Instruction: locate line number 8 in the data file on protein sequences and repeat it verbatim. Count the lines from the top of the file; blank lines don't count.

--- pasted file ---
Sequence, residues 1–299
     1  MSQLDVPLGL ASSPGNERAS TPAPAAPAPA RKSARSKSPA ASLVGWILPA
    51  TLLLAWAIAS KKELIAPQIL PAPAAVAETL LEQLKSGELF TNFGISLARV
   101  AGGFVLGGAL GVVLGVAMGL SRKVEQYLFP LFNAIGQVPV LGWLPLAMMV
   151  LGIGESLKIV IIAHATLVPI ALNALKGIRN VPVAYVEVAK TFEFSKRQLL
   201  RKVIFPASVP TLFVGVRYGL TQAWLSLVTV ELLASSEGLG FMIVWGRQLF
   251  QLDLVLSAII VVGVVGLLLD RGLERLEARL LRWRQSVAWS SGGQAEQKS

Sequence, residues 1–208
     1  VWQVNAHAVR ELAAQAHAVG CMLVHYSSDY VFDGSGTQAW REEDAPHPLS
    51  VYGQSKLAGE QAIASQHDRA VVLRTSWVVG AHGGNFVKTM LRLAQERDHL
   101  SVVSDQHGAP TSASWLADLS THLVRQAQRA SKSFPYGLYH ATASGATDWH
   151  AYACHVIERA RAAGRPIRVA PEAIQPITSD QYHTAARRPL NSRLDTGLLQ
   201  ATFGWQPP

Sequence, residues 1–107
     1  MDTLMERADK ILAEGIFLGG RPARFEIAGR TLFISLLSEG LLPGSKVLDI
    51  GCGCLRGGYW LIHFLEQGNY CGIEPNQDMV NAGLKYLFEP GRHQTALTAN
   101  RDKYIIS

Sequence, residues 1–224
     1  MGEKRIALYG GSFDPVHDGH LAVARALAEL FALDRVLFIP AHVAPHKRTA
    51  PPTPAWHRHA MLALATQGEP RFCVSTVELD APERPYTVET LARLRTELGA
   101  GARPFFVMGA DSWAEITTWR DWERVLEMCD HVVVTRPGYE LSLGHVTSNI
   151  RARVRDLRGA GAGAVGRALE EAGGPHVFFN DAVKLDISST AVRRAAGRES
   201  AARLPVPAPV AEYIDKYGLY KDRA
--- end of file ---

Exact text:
Sequence, residues 1–208